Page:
TAPPER: He didn't pardon Cheney's top aide, Scooter Libby. That obviously upset Cheney quite a bit. He talks about it publicly, but they were splitting before then, when bush started to rely more on Condi Rice than Dick Cheney.

BAKER: He elevates Condi Rice as secretary of state to begin moving in this different direction so they are trying diplomacy with North Korea, Syria, Middle East peace, Iran, things that Dick Cheney finds troubling. He believes that they are beginning to drift away from the principles they shared in the first term. So by the end, they're on opposite sides of all sorts of issues, not just those, but also climate change, gay rights, gun rights, auto bailout, so on. It's a very dramatic evolution, almost a Shakespearean evolution over eight years.

TAPPER: There's a great story on the PR nightmare of when Dick Cheney accidentally shot his friend in the face. First Lady Laura Bush played a role in the story getting out?

BAKER: She did. She was overseas, ironically, in Italy at the time. She hears through the Secret Service what's gone on. She has her top aide call back to the White House, call to Scott McClellan and the others, what's going on. T he first lady wants this out right now because she understood what a PR disaster it could be and the only answer to that would be to be as transparent as possible.

TAPPER: They clamped down at first. They didn't take any questions. They hid it from the public.

BAKER: They didn't announce it as quickly as they now believe they should have. It came, the president himself was asked by his aide you need to intervene with the vice president to get him to go on television to address this, to apologize, and that lanced the boil as soon as he did it but it took four days.

TAPPER: The book is right down the middle. It's not overly praise-worthy for President Bush. It's not overly critical, but one thing that's interesting is you do praise him for some leadership decisions that were difficult for him. We all know of leadership decisions that were not the best ones in the world. But you praise him for the surge in Iraq and also for TARP, for the troubled asset relief program, to help out Wall Street, very unpopular but you basically argue the right decision.

BAKER: Look, he took on conventional wisdom, he took on popularity, he went against all political instincts and his own conservative instincts in the case of TARP to do what he thought was the right thing. Look what happens now. President Obama tries to fix his health care program, he uses the term surge. We'll have a surge to try to fix it. You talked about the connection and how he's now citing his predecessor. That's one example, something that lived on past his administration as a concept.

TAPPER: When the book begins with an aide, President Bush comes back to Texas and an aide says you left office incredibly unpopular, one of the most unpopular presidents in history and he responds.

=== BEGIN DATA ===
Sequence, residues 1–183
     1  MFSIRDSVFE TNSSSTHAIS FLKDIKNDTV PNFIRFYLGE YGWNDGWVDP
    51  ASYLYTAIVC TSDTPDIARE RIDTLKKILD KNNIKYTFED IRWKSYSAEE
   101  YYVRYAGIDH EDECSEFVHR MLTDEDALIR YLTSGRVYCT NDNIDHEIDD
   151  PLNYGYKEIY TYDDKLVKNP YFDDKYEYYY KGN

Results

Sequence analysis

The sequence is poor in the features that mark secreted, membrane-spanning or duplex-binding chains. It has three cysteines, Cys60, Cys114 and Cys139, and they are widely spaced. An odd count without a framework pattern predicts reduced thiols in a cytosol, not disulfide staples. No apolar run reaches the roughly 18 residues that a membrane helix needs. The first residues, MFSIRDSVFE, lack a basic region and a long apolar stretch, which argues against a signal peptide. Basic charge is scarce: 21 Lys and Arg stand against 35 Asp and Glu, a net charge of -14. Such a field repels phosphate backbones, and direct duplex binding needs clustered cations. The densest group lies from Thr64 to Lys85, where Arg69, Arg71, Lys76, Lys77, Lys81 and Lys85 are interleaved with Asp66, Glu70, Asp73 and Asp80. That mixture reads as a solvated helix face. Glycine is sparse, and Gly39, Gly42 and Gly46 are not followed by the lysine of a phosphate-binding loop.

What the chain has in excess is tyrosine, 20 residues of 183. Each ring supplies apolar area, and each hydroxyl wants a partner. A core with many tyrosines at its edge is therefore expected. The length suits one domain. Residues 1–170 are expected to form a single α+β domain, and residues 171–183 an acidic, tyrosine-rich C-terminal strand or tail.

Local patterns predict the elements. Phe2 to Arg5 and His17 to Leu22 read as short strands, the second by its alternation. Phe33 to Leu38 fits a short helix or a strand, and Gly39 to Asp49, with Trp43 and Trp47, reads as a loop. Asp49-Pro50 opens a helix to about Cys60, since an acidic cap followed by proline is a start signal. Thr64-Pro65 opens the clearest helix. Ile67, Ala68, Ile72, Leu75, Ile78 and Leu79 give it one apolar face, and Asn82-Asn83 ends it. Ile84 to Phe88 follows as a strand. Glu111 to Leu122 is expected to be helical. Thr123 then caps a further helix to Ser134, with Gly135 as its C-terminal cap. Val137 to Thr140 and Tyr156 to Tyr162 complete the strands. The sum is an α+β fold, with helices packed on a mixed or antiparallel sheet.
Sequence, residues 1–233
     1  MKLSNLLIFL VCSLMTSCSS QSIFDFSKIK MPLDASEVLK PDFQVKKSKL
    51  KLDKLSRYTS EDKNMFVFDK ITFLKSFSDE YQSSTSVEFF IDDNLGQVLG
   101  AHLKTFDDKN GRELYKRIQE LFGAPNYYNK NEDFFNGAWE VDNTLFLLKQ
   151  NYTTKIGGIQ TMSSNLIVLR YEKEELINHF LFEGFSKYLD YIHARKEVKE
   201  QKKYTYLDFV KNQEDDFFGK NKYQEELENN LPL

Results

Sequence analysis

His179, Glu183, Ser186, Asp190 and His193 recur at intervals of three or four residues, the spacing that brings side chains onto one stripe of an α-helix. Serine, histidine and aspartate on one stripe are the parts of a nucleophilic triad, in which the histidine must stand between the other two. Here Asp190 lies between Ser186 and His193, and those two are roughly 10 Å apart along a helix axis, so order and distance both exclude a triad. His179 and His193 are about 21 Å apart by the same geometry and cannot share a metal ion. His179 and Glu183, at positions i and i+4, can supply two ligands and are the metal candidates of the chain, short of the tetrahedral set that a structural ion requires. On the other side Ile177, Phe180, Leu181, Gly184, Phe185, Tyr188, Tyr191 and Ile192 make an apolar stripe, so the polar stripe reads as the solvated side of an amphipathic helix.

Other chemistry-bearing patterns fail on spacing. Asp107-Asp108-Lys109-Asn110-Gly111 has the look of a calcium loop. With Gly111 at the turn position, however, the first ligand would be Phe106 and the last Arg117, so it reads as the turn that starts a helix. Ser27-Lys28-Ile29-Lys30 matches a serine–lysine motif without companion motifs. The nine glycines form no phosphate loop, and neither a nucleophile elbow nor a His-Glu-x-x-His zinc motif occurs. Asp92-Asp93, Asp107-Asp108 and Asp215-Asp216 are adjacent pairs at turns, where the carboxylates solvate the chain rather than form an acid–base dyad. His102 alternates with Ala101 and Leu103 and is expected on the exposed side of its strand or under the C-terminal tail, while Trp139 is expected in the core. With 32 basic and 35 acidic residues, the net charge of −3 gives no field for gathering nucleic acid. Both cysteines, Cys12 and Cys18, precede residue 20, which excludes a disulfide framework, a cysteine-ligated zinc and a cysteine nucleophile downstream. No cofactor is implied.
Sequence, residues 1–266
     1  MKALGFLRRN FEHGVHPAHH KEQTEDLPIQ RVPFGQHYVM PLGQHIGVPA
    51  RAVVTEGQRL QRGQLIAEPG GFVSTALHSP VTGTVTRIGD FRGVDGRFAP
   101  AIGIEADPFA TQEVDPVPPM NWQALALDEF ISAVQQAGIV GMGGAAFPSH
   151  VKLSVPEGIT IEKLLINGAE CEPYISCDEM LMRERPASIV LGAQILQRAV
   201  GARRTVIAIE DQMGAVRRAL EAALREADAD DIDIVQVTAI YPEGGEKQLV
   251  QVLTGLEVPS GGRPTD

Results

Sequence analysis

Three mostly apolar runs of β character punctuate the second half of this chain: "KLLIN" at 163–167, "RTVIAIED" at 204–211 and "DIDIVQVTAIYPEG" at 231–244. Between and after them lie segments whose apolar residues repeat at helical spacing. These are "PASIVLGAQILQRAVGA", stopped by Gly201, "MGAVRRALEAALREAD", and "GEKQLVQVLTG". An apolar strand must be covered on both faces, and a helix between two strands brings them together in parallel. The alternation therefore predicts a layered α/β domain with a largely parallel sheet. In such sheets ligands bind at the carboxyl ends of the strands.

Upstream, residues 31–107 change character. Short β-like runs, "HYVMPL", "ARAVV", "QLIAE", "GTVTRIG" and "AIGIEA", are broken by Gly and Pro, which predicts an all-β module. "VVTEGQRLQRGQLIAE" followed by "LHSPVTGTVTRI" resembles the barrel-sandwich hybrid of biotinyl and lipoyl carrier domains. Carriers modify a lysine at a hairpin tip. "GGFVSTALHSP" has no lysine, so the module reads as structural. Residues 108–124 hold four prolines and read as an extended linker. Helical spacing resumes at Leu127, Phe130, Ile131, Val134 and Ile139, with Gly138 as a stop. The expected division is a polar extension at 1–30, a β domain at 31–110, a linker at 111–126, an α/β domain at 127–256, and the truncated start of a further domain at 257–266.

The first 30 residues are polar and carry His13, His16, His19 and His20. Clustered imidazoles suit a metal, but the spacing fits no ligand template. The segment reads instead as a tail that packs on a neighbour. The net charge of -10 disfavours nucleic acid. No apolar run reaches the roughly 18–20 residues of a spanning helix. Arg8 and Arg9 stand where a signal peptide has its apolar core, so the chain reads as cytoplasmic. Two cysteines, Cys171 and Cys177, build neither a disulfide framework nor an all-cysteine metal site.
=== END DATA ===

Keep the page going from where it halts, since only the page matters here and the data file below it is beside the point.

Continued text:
BAKER: He says I was also the most popular president in history. You kind of get at this moment a sense of what might have been. Iraq took such a toll. He had so many other things he could have been known for, saving people with aids in Africa, Medicare Part D, expanding coverage, no child left behind, tax cuts, all sorts of things he wanted his presidency to be about, immigration, and in fact, became subsumed by the overarching terror and wars that took over his presidency.

TAPPER: Lastly, what's the relationship between Bush and Cheney now? Are they friends?

BAKER: Today, they wouldn't describe themselves as friends so much as partners or professional colleagues. I asked Vice President Cheney about this during interviews for the book. He says we were never buddies. They didn't socialize together. President Bush didn't have him up to Camp David for weekends. So they have a proper relationship, but is somewhat distant. They don't talk very often today.

TAPPER: May you be on the "New York Times" best-seller list for many, many weeks, my friend. Congratulations on the book and all the great critical reviews of it.

In more world news, sure he may look like a mild-mannered Russian diplomat, but in the eyes of the FBI he's a cold, calculated spy. Hard to know what to take away from the latest round of spy games between the U.S. and Russia where inquisitive young Americans were allegedly used as pawns.


TAPPER (voice-over): You are looking at a Russian spy on American soil, or you're looking at Yury Zaytsev, a Russian bureaucrat who runs an exchange to bring Americans to Russia. It's one of those two, or maybe both or maybe neither.

YURIY A. ZAYTSEV, RUSSIAN CULTURAL CENTRE: I think it's a stupid situation because it's like a cold war.

TAPPER: The FBI seems to think that he has been using the Russian Center for Culture trips to assess and recruit intelligence assets for Russia. That information first came to light in a report from the progressive magazine "Mother Jones." This morning, Zaytsev vigorously denied it to CNN.